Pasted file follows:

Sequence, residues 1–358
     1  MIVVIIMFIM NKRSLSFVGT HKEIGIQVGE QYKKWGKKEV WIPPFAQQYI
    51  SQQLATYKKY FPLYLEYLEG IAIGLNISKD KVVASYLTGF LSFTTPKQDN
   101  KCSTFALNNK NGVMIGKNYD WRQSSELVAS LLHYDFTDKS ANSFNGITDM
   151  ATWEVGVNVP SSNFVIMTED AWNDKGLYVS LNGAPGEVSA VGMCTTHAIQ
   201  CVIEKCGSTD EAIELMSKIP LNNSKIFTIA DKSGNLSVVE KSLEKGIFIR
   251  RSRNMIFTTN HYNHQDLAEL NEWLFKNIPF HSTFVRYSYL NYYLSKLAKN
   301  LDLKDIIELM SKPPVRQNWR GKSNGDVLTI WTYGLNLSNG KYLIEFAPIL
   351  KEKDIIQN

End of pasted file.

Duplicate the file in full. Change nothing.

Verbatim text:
Sequence, residues 1–358
     1  MIVVIIMFIM NKRSLSFVGT HKEIGIQVGE QYKKWGKKEV WIPPFAQQYI
    51  SQQLATYKKY FPLYLEYLEG IAIGLNISKD KVVASYLTGF LSFTTPKQDN
   101  KCSTFALNNK NGVMIGKNYD WRQSSELVAS LLHYDFTDKS ANSFNGITDM
   151  ATWEVGVNVP SSNFVIMTED AWNDKGLYVS LNGAPGEVSA VGMCTTHAIQ
   201  CVIEKCGSTD EAIELMSKIP LNNSKIFTIA DKSGNLSVVE KSLEKGIFIR
   251  RSRNMIFTTN HYNHQDLAEL NEWLFKNIPF HSTFVRYSYL NYYLSKLAKN
   301  LDLKDIIELM SKPPVRQNWR GKSNGDVLTI WTYGLNLSNG KYLIEFAPIL
   351  KEKDIIQN